“Magic water” is what Shawn Mullen calls the fire-suppressing chemical Novec 1230.

To demonstrate, he unscrews a brown bottle and pours several inches of the clear liquid into a large glass jar.

First, he drops his cellphone into the jar. It continues to operate, he explains, because Novec 1230 is nonconductive. Unlike water and most other liquids, it does not conduct electricity. To demonstrate, he places a call to the cellphone. It rings and vibrates, even though it is fully submerged.

Nor will “magic water” affect ink on paper, Mullen says as he scribbles with a Magic Marker on a Post-it note and drops it into the jar. Several seconds later, he retrieves the note. The ink has not smeared or smudged, and the sticky part of the Post-it is still sticky.

Next, he asks me to stick my hand in the jar and feel the temperature. It is slightly cooler than the air, but by no means uncomfortable.

Finally, Mullen lights a match and slowly moves it toward the jar opening. As soon as the flame reaches the opening, it goes out. 

Novec 1230 acts like a heat sink, he explains, so that combustion cannot occur. When the match is placed over the jar, the Novec 1230 gas that has collected above the magic water dissipates the heat to a point where combustion of the match ceases.    

If you haven’t guessed by now, Mullen’s business, Protex Central Inc., sells and manages fire-suppression systems. 

Scientists at 3M created Novec 1230 a decade ago as part of an effort by major chemical companies to find a new generation of fire-suppressing chemicals.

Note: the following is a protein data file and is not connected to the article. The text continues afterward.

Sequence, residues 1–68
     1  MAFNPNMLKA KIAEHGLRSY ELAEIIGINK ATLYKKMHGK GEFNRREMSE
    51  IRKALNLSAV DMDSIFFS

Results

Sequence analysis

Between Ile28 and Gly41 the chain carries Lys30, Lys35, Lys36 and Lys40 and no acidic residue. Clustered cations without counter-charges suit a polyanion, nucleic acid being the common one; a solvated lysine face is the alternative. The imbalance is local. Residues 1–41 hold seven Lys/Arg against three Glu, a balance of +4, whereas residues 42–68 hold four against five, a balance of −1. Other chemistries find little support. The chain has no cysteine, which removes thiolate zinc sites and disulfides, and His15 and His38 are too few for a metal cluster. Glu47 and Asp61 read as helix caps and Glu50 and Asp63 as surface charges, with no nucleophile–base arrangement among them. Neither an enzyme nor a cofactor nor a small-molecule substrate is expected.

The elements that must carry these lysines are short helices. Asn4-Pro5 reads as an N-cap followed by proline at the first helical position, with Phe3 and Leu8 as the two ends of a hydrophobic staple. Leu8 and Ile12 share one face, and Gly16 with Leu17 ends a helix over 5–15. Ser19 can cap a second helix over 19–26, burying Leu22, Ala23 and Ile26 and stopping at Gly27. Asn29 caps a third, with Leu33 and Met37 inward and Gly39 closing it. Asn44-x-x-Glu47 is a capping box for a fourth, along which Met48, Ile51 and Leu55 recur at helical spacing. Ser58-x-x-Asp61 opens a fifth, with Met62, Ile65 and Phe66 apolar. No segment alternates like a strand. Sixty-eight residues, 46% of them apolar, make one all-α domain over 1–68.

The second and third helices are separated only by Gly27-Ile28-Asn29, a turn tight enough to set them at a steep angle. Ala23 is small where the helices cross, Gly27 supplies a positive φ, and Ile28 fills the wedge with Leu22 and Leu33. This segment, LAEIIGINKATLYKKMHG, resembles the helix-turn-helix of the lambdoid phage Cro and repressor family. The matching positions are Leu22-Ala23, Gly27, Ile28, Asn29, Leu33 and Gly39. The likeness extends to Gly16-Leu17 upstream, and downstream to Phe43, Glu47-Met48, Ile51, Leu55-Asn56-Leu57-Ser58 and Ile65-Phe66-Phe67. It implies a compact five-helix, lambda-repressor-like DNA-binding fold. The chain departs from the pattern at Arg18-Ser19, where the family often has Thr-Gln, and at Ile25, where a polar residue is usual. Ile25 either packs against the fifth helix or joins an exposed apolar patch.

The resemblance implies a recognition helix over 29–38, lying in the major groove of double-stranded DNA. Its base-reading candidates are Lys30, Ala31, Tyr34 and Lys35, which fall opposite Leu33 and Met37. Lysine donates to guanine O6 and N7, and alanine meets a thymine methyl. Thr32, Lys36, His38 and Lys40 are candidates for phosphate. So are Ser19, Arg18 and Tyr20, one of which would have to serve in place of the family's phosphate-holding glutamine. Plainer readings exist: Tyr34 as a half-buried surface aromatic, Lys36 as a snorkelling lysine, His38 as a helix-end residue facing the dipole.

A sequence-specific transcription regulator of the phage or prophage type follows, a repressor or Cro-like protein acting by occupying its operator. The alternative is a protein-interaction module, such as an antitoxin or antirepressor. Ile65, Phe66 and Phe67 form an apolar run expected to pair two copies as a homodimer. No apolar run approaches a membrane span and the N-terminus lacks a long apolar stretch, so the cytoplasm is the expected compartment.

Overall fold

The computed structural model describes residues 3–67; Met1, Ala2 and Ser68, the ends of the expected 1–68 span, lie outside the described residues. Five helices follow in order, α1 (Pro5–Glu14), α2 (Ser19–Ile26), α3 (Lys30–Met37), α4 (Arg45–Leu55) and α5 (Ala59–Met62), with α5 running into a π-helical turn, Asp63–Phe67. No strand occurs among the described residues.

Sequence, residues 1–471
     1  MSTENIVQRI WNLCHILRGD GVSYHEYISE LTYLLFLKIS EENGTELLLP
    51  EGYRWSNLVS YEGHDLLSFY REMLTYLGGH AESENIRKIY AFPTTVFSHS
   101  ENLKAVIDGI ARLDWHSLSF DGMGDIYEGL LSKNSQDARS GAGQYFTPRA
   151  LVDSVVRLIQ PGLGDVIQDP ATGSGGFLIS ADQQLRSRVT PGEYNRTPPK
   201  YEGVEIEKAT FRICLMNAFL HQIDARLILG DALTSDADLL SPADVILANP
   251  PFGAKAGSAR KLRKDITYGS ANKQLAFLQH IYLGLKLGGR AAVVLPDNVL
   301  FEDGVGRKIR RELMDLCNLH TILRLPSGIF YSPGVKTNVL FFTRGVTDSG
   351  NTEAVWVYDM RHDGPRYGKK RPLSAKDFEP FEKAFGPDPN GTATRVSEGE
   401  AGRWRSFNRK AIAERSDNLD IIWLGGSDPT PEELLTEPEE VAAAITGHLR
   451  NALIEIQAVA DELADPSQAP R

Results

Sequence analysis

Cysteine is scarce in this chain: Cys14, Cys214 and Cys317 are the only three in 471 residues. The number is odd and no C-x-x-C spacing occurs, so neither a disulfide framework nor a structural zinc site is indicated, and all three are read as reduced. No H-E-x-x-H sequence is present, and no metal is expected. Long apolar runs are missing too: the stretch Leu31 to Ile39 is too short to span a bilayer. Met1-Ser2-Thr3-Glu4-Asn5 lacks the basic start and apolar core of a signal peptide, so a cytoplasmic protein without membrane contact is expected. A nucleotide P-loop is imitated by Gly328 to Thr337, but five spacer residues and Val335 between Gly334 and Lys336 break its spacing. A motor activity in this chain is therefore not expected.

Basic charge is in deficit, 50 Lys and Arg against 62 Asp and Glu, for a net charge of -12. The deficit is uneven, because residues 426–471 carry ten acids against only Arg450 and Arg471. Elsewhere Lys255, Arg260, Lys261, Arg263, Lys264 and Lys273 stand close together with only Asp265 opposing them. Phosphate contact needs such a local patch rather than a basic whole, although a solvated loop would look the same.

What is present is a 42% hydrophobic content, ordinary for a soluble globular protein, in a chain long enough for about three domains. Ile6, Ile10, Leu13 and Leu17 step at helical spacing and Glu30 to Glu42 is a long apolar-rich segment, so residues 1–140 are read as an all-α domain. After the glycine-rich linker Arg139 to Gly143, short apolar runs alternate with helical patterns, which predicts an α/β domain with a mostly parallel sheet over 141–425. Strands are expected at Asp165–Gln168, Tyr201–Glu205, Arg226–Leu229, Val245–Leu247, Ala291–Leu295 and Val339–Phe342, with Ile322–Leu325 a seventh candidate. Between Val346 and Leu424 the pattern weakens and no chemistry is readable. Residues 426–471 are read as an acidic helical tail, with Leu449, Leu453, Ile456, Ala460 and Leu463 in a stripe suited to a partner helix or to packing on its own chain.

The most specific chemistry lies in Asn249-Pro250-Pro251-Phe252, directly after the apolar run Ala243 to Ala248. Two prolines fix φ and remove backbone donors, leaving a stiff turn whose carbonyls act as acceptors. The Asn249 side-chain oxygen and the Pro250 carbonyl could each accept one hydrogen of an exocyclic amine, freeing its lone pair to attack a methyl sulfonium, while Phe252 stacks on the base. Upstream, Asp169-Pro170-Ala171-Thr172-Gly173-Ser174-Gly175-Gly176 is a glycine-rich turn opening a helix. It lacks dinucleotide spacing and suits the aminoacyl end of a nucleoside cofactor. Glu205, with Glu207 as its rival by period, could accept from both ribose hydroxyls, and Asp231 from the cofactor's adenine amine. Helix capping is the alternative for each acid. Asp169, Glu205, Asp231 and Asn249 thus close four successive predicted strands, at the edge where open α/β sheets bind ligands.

Something new was needed, he explained, because the fire-suppressant gases developed during and after the 1960s had drawbacks.

In fact, scientists said that emissions from the early gases were damaging Earth’s ozone, the protective layer of atmosphere surrounding the planet that filters out the sun’s ultraviolet radiation.

A precursor to Novec 1230 was developed by 3M as a nonconductive cleaner for printed electronic circuit boards, Mullen said.

Then, he said, “scientists at 3M realized that if they tweaked that board-cleaning compound a little bit, they could put fires out,” he said.  

The new product they created, Novec 1230, proved to be powerful, Mullen said, because not a lot was needed to put out a fire. 

It can also be stored as a liquid at room temperature, meaning that it takes up only a fraction of the storage space required for suppressants that are stored as compressed gas.  

Nor does Novec 1230 hang around in the atmosphere for decades. “It has an atmospheric lifetime of about five days,” Mullen said, compared with as much as 30 years for other suppressants.

One downside, Mullen said, is cost. The current cost for Novec 1230 is about $30 to $35 a pound, which is many times higher than the pennies per pound cost of more popular suppressants that gained wide market share during the dot-com expansion years of the late 1990s.

But, he said, in more recent years, a growing number of businesses are beginning to recognize the value of Novec 1230, including a major Des Moines law firm, which recently agreed to protect its electronic case files and law library with the compound.

One final magic trick involves what happens when someone breathes Novec 1230. The compound’s molecules are heavier than air, giving it the opposite effect of helium on human voices. 

So if you want a deep voice like James Earl Jones, put your nose over a jar of Mullen’s magic water.